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Human Errors Linked to "Brain-Default" Mode
April 29, 2008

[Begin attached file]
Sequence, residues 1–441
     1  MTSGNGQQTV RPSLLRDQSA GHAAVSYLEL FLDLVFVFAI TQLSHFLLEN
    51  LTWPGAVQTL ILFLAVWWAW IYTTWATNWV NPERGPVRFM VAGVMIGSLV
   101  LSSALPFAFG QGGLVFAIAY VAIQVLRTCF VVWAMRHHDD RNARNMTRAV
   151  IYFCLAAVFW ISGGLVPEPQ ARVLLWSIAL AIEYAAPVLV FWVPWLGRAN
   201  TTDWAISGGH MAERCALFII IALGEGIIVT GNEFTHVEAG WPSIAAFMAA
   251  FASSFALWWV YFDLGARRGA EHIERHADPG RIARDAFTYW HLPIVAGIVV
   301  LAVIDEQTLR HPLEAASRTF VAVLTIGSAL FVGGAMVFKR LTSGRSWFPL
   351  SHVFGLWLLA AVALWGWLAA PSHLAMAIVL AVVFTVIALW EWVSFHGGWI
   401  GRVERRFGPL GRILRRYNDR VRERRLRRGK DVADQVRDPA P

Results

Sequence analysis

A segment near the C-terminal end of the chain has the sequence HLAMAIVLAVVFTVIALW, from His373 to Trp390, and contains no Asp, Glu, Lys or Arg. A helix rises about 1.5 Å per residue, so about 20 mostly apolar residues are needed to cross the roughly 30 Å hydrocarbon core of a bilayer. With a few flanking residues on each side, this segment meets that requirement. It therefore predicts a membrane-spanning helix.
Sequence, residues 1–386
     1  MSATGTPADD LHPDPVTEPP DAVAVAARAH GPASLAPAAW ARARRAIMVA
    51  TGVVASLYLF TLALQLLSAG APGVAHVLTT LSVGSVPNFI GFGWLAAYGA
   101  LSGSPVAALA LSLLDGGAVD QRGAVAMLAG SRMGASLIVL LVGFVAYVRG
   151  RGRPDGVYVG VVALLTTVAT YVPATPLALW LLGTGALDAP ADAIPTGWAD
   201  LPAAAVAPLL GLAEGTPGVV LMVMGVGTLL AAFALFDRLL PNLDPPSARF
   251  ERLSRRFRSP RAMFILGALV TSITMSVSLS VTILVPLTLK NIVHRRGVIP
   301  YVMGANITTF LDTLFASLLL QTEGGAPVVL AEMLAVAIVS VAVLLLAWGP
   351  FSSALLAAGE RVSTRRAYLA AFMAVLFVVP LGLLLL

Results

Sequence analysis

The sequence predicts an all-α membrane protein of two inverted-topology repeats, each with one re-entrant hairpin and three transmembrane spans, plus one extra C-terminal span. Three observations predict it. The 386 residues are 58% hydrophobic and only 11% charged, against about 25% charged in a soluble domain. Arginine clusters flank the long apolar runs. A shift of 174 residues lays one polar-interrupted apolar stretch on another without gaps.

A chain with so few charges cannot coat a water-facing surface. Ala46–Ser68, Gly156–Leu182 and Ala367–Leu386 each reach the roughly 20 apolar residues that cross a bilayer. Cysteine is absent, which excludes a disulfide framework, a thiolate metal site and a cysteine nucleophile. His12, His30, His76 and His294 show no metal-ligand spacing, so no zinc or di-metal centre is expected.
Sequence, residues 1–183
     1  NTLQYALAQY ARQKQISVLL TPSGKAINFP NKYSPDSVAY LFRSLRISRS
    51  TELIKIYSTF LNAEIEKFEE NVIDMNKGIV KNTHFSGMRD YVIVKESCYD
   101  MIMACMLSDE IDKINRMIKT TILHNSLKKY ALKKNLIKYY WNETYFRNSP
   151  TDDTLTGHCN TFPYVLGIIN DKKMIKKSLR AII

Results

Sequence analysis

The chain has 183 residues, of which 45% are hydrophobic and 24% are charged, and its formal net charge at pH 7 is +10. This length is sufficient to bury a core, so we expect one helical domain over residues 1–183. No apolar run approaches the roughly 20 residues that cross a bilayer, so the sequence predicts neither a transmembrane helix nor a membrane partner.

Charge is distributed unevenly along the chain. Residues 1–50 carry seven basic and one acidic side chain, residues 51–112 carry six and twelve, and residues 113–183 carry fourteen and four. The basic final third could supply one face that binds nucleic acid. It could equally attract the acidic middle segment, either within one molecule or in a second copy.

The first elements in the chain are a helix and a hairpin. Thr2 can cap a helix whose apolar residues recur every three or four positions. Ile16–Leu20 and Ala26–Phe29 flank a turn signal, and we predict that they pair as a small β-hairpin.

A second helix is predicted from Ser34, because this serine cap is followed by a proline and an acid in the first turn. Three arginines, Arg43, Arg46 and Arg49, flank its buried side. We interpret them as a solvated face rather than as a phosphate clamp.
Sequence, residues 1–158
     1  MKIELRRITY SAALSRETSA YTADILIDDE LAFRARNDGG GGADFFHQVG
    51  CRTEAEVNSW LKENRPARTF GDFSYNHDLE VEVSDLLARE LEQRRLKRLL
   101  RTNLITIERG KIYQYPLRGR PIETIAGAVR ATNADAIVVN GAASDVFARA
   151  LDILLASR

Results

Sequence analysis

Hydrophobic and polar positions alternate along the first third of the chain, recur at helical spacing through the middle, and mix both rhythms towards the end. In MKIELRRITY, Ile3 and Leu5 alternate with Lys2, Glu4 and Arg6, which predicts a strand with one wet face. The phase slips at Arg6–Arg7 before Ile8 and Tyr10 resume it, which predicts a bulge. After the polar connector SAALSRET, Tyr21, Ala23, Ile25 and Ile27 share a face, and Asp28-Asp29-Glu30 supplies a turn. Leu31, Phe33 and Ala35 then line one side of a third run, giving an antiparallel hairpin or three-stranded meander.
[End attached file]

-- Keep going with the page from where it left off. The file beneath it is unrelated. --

NEWS RELEASE FOR IMMEDIATE RELEASE April 30, 2008 Contact: Luke Frank, Media Relations Manager, 505/272-3679; cell 505/907-9525 Neuroimaging Predicts Errors for Rote Tasks ALBUQUERQUE , NM – A team of international researchers has detected consistently abnormal human brain activity as much as 30 seconds before committing a mistake when performing monotonous tasks. The study demonstrates how the brain appears to gradually shift into “default mode”, perhaps to enhance neurological efficiency while executing rote activities. By tracking the flow of blood and oxygen to specific parts of the brain using Functional Magnetic Resonance Imaging (fMRI), the team, led by Dr. Tom Eichele with the University of Bergen in Norway and Dr. Vince Calhoun with the Mind Research Network (MRN), showed changes in the flow of blood and oxygen to distinct areas of the brain approximately 30 seconds prior to committing an error. “We believe this phenomenon relates to one’s brain operating at peak efficiency – using only the resources necessary when performing redundant tasks,” Eichele asserts. “When confronted with rote tasks, the brain appears to enter a default mode usurping only the energy required. What we still hope to determine is whether or not this default mode is invoked due to brain fatigue or neurological economization – meaning more ‘brain power’ is unnecessary for such tasks.” The changes were discovered in two discreet brain networks – the Default Mode region and the frontal lobe region – as subjects were asked to respond to visual stimuli. The Default Mode region is normally active when one is relaxed and at rest; and the right frontal lobe related to cognitive control is more active when confronted with a new task. As a task became more redundant, the frontal lobe area showed less activity, and the default mode area increased in activity. Interestingly, after subjects committed and then detected an error, the brain re-engaged by enhancing activity in areas associated with in cognitive-task efforts, and reducing task-irrelevant brain activity in the default mode region. “There could be numerous, real-world applications in the future for this finding – from health care tasks, like counting pills to fill a prescription, to assembly line operations affecting thousands in a manufacturing plant – plus those who ultimately use the product,” Eichele adds. “Ultimately, perhaps, a warning system might be devised to alert users when they’re headed for a harmful or costly mistake.” The Mind Research Network is dedicated to advancing the diagnosis and treatment of mental illness and brain disorders. For information on the Mind Research Network, please call 505/272-5028 or visitwww.mrn.org.
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